When we spoke to Ian Crampton of Ferndown Estates in Marston Green, he pointed out the potential correlation between low fees and substandard service. “If an agent is only charging £150 or £200 to let a property there’s something distinctly wrong with that. How can you make sure you’re genuinely giving the right service to all parties for that sort of money?” Are low fees to win more landlords a justification for why service levels may not be up to scratch?

Glowing online reviews from landlords are about the letting agents who not only get the basics right, but also surpass their landlords' expectations. Liberty Gate, an award-winning agency in Nottingham, is described on Google as being “a great team to deal with - fast, efficient and always helpful, even if it is for something which is outside their remit.” The Letting Game, based in Bristol, has a 5-star review on AllAgents stating they are “forward looking with a great grip on the current housing market, technical challenges and advice for landlords.” Jamie Evans of Billingham Taylor in Dudley says about 60% of their new business is a result of their online reviews and reputation.

It’s clear, then, that lack of communication and not undertaking crucial elements in the lettings process is the primary cause for complaints against letting agents; whether there is a correlation between fee and service or not, the agents with the best reputation are the ones that can not only get the basics right, but offer insight and knowledge at a time when landlords need it the most.

“We’re the bad guy until we prove them wrong”

Having delved into the experiences of letting agents’ two main stakeholders, what do letting agents themselves think about the sometimes troubled reputation they have to deal with?

“We’re the bad guy until we prove them wrong. You’re fighting perception all the time,” says Matt Dilkes of Christopher Shaw in Bournemouth. Dilkes thinks rogue letting agents are actually few and far between. “I personally don’t think throughout the country it’s as bad as people make out,” he says. Rather, he thinks part of the reason for letting agents’ poor reputation is due to a lack of understanding by both tenants and landlords of what their role involves. “You either say sod it and perpetuate the stereotype or try and fight it.”

His agency has taken the latter route and provides both its landlords and tenants with service that goes above and beyond. He considers his landlords business partners, rather than just customers.  “Landlords will respect you more if you advise them honestly, rather than just telling them to put the rents up all the time,” says Dilkes. “We see their properties more than they do in a year and we have a better idea of the market - we’re not just being paid to do inspections.”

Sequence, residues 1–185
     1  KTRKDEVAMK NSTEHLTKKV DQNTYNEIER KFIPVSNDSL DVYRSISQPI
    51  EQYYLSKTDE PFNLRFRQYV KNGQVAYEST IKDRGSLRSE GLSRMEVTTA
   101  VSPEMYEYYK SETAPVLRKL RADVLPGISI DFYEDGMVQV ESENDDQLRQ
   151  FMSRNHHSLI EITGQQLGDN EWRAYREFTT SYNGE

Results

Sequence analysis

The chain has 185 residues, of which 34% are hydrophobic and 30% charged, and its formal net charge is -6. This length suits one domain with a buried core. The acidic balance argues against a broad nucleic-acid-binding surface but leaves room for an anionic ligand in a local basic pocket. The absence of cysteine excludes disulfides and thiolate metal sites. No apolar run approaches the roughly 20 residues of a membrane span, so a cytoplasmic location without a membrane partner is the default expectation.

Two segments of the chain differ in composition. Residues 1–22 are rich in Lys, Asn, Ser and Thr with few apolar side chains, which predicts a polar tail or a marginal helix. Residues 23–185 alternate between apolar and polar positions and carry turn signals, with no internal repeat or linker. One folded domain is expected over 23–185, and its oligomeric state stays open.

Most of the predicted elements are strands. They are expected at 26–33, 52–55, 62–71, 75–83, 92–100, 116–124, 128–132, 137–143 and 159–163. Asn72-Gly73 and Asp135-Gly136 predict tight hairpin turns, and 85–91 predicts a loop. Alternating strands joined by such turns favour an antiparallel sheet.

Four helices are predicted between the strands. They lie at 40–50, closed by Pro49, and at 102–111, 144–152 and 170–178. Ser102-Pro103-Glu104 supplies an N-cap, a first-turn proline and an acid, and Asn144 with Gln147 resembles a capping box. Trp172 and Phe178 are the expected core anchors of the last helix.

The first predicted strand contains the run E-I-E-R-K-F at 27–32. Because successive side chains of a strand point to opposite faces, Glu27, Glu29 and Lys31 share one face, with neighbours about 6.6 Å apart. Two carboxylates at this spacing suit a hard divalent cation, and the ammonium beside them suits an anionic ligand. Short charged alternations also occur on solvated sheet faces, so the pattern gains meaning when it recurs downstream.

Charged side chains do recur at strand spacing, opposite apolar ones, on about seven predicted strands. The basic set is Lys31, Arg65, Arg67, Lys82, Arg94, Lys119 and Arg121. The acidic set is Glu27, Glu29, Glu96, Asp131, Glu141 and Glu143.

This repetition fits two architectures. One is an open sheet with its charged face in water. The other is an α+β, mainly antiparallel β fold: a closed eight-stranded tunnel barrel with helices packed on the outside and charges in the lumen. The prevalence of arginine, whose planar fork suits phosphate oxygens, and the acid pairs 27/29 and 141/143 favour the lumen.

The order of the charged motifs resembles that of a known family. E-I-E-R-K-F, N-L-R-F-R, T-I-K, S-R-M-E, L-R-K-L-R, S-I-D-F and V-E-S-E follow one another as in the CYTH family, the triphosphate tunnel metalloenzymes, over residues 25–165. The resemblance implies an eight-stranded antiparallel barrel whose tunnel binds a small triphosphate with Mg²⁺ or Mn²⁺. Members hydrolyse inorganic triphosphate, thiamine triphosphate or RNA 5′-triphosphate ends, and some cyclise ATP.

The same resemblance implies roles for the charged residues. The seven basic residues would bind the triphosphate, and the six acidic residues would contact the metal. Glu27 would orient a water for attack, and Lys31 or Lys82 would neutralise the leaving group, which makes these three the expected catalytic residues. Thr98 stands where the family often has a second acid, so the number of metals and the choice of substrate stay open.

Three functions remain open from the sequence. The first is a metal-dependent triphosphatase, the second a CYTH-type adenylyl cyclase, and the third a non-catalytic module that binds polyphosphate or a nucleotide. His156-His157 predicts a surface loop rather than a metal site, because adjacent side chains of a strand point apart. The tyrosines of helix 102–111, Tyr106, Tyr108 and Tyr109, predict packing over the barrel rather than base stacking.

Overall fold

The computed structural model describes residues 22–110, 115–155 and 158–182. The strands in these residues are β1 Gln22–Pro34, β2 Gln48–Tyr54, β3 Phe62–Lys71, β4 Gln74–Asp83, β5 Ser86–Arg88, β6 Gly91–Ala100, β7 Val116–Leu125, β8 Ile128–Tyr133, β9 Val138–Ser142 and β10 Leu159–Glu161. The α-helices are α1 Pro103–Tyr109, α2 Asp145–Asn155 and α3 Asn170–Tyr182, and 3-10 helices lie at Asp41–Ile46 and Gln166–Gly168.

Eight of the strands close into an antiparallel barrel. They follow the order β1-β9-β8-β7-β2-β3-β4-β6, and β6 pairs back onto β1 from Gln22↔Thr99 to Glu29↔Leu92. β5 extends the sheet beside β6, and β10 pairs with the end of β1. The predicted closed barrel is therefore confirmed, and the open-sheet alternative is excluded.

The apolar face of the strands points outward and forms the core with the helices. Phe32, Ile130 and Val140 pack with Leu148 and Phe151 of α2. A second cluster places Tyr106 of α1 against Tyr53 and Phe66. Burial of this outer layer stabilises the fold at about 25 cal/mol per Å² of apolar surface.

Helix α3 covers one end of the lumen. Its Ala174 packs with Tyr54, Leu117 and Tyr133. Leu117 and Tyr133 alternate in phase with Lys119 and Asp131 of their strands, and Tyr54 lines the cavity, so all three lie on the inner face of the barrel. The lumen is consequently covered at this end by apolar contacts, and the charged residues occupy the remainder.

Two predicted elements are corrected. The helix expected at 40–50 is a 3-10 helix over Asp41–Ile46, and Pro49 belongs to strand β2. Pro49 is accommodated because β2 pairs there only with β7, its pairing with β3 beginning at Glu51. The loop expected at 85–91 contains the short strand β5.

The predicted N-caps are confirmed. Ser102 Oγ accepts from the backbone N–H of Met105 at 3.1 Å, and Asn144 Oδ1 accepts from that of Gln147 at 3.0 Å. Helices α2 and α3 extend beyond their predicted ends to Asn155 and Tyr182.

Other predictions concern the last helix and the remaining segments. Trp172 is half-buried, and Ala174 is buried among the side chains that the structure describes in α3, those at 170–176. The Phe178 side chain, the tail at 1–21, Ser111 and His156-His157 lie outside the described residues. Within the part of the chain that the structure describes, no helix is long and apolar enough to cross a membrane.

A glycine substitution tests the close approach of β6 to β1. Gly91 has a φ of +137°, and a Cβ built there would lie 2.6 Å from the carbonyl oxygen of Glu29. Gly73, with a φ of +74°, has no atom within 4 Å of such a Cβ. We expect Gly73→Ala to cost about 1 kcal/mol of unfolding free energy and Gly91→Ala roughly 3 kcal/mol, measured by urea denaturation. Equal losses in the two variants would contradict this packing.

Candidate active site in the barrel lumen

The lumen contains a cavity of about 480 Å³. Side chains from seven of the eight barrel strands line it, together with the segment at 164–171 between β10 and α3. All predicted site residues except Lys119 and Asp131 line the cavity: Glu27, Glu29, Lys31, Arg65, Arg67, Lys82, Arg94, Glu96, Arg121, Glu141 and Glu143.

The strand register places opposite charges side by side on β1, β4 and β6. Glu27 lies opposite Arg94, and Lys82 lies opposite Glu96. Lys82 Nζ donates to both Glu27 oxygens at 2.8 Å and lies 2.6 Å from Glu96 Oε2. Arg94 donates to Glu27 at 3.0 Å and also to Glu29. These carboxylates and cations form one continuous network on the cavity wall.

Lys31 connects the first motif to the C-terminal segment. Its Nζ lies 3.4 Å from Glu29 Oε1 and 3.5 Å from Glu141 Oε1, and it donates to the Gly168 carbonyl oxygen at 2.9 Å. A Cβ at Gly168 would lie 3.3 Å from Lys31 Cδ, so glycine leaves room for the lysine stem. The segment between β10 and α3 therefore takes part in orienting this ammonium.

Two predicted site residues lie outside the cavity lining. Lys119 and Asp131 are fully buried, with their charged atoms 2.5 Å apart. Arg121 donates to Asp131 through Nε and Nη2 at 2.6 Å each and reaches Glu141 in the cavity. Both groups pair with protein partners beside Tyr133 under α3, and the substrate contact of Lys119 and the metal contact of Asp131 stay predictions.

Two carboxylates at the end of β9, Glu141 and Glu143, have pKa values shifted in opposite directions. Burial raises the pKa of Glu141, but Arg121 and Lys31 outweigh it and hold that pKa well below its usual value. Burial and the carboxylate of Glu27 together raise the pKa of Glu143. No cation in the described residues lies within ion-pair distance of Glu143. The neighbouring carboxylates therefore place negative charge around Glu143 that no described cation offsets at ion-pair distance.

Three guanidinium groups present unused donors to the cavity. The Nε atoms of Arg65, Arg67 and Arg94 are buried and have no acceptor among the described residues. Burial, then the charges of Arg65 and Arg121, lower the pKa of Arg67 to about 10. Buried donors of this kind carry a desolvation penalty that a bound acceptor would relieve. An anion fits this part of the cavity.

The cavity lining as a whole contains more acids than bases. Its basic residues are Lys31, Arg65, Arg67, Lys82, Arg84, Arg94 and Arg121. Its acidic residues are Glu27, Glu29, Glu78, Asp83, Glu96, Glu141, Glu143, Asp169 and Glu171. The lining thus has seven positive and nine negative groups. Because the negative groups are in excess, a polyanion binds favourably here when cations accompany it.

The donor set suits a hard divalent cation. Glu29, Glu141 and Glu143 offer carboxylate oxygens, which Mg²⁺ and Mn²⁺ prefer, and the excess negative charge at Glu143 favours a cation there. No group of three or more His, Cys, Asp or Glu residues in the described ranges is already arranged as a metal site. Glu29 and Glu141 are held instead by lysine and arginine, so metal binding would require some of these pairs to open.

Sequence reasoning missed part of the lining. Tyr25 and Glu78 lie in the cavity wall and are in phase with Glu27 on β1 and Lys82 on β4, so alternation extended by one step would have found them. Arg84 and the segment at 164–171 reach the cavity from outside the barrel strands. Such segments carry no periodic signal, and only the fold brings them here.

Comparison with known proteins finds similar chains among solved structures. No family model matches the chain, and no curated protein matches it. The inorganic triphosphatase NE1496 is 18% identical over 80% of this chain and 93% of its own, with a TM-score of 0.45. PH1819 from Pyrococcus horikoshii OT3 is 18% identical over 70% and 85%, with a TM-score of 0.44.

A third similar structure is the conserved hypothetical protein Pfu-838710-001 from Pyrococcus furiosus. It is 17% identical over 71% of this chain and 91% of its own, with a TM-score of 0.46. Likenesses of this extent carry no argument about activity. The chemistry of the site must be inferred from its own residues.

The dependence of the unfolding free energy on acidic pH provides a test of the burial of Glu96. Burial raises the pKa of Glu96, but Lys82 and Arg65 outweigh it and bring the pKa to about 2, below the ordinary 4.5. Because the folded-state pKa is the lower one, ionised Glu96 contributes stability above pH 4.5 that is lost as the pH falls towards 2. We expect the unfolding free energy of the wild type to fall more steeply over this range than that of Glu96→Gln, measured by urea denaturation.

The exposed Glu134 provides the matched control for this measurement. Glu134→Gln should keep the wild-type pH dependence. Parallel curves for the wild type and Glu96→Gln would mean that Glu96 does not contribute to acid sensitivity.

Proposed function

They also try to make the process as enjoyable as possible for their tenants. “Moving can be quite stressful so we try and make it as nice as we can,” says Dilkes. “We try and make everything clear throughout the process so there’s nothing to guess and when they move in, they get a really nice hamper.”

Ian Crampton believes the difference between a good agent and a poor agent is having a proper understanding what is involved in property management. “A lot of agents say they’re managing a property, but they will never visit a property, they don’t screen tenants properly - they’re just listing a property and accepting the first person that comes into their office so they can say that they find tenants this fast,” says Crampton. “That’s always been the classic distinction for me.”

He thinks letting agents will also need to step up their service offering to tenants following the tenant fee ban. “Lettings agents have got to become more proactive, demonstrate their professionalism and that they are there for the benefit of the tenant,” says Crampton. “It’s not just about making sure landlords are happy because tenants will soon be able to vote with their feet - you will not be able to retain the same tenants you might have done in previous years by putting them off moving because of the high fees that are being charged.”

The tricky balance

People don’t hate letting agents, they just get frustrated when basic levels of service that they expect are not met. The horror stories certainly don’t help but it’s the fundamentals such as poor communication and lack of diligence by the few that are creating a bad reputation for the many.  

Some agents might have been unfairly criticised by their stakeholders when tenants and landlords might not fully understand the role of the agent. For those landlords and tenants out there who are reading this, remember, the letting agent has to balance the needs of two parties and sometimes this isn’t the easiest task.

That said, it’s equally important for letting agents who might be slipping behind the mark to up their game and catch-up with those agents who are already exceeding the expectations of their customers. Smart letting agents are those who can find that tricky balance and beat their customers' expectations while still getting the basics right.

Whilst tighter regulation and rules that will squeeze revenues is certainly not desirable, I personally think this very transition will cause the better agents to shine brighter and the poor agents to be forced out. And once that happens, we have an industry fit enough to suit the needs of Generation Rent and provide the services landlords and tenants want and need.

About the author

Nikesh Shah
Sales Operations
Nikesh helps to keep our sales and marketing processes smooth and is passionate about transforming the way people rent. He's a keen motorsport fan and loves a great cheese joke.